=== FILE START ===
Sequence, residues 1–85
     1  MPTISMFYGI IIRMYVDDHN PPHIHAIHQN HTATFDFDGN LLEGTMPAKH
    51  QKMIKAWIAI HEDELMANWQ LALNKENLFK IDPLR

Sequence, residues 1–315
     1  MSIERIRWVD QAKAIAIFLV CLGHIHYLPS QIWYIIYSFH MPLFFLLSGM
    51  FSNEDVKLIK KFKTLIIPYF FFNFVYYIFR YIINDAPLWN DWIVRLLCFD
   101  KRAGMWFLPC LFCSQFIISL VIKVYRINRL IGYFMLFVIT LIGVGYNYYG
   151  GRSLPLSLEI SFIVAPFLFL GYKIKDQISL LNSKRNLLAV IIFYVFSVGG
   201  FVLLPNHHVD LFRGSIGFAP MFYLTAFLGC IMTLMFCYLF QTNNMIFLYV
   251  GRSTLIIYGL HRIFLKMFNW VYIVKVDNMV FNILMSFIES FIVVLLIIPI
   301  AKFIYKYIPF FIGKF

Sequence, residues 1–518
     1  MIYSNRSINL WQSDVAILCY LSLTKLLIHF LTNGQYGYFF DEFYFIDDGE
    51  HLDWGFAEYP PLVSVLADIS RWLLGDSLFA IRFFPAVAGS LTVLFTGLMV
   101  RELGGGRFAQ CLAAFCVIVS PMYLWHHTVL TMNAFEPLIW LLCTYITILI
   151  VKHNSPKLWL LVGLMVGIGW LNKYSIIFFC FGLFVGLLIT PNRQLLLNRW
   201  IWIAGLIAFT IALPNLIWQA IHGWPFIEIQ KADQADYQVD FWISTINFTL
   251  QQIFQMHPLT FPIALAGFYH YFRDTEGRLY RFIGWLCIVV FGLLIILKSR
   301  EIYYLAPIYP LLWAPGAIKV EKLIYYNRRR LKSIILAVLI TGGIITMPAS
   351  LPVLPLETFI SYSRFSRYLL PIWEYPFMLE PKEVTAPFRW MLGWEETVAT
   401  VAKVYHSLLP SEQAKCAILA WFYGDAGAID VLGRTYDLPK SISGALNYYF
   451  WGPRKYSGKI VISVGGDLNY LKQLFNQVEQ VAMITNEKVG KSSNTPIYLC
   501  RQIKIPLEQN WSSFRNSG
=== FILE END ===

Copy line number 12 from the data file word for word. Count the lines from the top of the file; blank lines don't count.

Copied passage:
Sequence, residues 1–518